September 30, 2015
Brilliant comedy. I love how it showcases Keaton's insecurities. The outwitting of the enemy is pure gold. I also love how Keaton's bumblings & stumblings somehow always manage to unwittingly cause havoc for the antagonists.
Perhaps the most exciting silent film I'd seen up to this point. Masterful direction. It rarely drags on or wanes. This is the unfortunate curse of most silents -- excessive & boring melodrama. Not here. Keaton was amazing.
One of the greatest of all silent films.
½ September 27, 2015
A truly fantastic film - not just a great silent film, but a genuinely funny & well-executed comedy.Set during the American Civil War, it's a simple story of a man, Johnnie (Keaton), out to prove his love for Marion (Lee) by enlisting with the Confederates - but his job as train engineer is too important. Luckily, his well-meaning but bumbling ways mean he's the only one able to save her and foil the Yankee plan to destroy the rail line. Some truly great slapstick and physical comedy - almost entirely set on moving trains - makes this a joy to watch and it's so faced-paced, thanks to the score and moving scenery, the 75min goes by in a flash! So many laughs - a true masterpiece.
September 13, 2015
When you explore the world of silent movies you not only expect only music playing but also a world where physicality makes up for dialogue. The General of 1926 is one of those where its lead actor Buster Keaton seems to communicate with us the viewer via stunts, by also using his stone wall facial expressions but also utilises his surroundings to bring us laughs, but also just a sense of awe in how he does these things. In a day when doing production on a big scale was difficult, The General succeeds in bringing us massive crashes, great little things here and there for Keaton to use to get us to smile and of course a fantastic use of slow moving trains(who knew trains going 10mph could be so fun).

I went into watching the movie with high expectations; after all it seems everybody who see's this comes off with a sense of them seeing something amazing. The film for me was maybe not perfect in fact quite a bit from it but I did find the movie to be a great one and coming to that conclusion took me quite a little while. I finished it thinking "You know it was good but nothing like what people say about it", but then it came to me the day after seeing this that this is more than good, it is very good and a movie that I really liked. The reason that came to me was Keaton who to me now is the master of doing your own stunts and succeeding, Buster Keaton gets all my praise and he actually makes this rather dull at times plot a hundred times better.

So what does that plot have to offer? ,well not an awful lot to be fair although it does give you a few thrills coupled with laughs here and there but never gut busting in my opinion. The story is set in the American civil war of the 19th century, we see Buster Keaton as a train engineer turned down by the Confederacy because he is just too important in what he is doing (but no one bothers to tell him that). Keaton's character of Johnnie Gray has trouble though, Union spies are coming and they plan to steal a train and intend to burn all the bridges back towards their lines. The story of course has much more to that but it really is the kind of movie you just have to watch yourself to see what happens because well for a film like this, a lot happens.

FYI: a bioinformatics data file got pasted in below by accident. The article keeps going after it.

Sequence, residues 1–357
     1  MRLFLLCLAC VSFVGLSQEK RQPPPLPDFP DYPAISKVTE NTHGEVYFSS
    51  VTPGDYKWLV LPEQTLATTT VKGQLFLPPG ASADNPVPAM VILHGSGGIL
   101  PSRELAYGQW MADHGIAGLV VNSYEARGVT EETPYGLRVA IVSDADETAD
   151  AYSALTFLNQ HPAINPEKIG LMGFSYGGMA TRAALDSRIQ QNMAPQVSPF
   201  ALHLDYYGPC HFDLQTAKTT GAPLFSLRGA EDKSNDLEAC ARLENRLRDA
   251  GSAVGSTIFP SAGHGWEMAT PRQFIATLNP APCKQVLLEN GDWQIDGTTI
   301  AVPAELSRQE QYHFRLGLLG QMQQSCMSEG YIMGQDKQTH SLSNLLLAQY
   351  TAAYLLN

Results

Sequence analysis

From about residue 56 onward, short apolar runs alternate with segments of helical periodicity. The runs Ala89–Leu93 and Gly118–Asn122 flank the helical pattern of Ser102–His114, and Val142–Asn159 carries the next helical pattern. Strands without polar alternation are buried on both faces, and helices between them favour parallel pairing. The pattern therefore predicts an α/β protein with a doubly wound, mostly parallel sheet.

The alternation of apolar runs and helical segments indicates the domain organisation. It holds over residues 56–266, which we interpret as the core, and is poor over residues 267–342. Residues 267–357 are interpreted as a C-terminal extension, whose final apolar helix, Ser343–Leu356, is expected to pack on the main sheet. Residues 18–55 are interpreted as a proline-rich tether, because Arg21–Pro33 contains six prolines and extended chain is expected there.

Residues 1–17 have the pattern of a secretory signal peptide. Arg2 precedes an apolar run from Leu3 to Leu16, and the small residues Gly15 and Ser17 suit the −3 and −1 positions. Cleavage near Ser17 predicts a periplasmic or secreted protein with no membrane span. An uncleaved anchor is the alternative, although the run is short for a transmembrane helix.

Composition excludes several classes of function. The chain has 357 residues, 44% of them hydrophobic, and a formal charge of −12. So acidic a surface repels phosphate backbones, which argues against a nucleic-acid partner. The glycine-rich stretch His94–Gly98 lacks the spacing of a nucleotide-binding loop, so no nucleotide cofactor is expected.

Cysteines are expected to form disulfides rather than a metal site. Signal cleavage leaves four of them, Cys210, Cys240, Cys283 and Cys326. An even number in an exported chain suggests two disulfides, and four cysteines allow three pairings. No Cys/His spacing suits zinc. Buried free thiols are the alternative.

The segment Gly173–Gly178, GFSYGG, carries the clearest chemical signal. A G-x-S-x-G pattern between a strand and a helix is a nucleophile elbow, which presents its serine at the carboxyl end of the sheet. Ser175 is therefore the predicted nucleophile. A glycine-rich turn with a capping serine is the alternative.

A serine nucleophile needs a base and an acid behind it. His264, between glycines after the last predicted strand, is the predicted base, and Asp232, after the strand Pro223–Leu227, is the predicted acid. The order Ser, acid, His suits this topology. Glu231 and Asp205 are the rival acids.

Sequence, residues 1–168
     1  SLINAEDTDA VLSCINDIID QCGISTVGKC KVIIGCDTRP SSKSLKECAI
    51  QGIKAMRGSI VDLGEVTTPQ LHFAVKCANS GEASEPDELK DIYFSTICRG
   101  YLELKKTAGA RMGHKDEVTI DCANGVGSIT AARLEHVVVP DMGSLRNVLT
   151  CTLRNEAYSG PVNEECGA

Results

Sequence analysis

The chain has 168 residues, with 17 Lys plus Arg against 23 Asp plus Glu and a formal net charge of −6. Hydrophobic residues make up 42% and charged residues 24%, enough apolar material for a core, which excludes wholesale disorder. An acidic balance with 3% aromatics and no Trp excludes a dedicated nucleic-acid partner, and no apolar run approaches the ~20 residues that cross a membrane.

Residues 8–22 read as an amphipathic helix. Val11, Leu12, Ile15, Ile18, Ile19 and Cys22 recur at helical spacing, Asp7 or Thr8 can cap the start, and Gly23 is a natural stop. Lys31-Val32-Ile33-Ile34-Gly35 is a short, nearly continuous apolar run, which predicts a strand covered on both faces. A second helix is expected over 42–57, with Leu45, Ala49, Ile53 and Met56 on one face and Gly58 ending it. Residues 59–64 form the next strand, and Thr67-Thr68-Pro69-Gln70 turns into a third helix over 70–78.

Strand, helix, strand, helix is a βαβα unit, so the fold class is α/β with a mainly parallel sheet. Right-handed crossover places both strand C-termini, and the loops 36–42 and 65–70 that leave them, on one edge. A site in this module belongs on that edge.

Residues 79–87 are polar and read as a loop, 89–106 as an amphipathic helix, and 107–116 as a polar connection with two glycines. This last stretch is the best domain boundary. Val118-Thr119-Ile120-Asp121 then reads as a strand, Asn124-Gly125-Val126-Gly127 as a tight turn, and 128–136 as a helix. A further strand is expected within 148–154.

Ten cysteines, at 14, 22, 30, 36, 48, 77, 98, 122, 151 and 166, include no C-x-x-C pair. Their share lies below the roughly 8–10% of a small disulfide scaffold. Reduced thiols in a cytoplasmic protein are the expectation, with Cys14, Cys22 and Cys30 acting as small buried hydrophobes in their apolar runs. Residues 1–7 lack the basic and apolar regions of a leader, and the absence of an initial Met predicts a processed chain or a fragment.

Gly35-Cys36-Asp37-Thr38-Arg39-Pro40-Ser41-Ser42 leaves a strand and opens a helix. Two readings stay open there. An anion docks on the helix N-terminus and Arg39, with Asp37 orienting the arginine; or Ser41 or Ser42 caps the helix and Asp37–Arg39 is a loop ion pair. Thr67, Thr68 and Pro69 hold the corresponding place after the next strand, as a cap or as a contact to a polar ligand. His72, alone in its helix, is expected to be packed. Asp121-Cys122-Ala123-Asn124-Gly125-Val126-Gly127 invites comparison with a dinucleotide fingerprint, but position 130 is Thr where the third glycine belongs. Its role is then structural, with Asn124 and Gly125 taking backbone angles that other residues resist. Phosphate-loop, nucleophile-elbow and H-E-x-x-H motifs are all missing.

Buster Keaton alongside Clyde Bruckman directs this and does a great job yet again, not only is Keaton a fine actor but at directing and even partly the writing too he is just one fine silent movie creator. I think his skills come out most with Bruckman also when he is doing the of course famous stunts he did himself, it is not only the biggest I enjoyed the most though such as the him sitting on the train wheels as they move, just fantastic. When Keaton runs around the train he is fantastic but at times he runs from the end of the carriages to the front and jumps and grabs onto things and just propels himself into the right place, how he never broke his entire body I will never know but the added speed of the movies of the day makes this even more beautiful to see.

If you're coming to silent movies as a new viewer or if you consider yourself a connoisseur of the era then both can enjoy this, is it Keaton's best work? , well some will say yes and me myself actually say no for now. What really shows how good Keaton can be is the fact that this movie is considered one of the best silent movies ever and yet could maybe be outdone by some of his other work. That previous point proves to me not only is Keaton one of the finest actors and maybe even directors of the silent's, but also that he could travel forward in time and fit right in with the movies of today.
½ August 10, 2015
Divertida y llena de tomas sorprendentes incluso vistas en el siglo 21.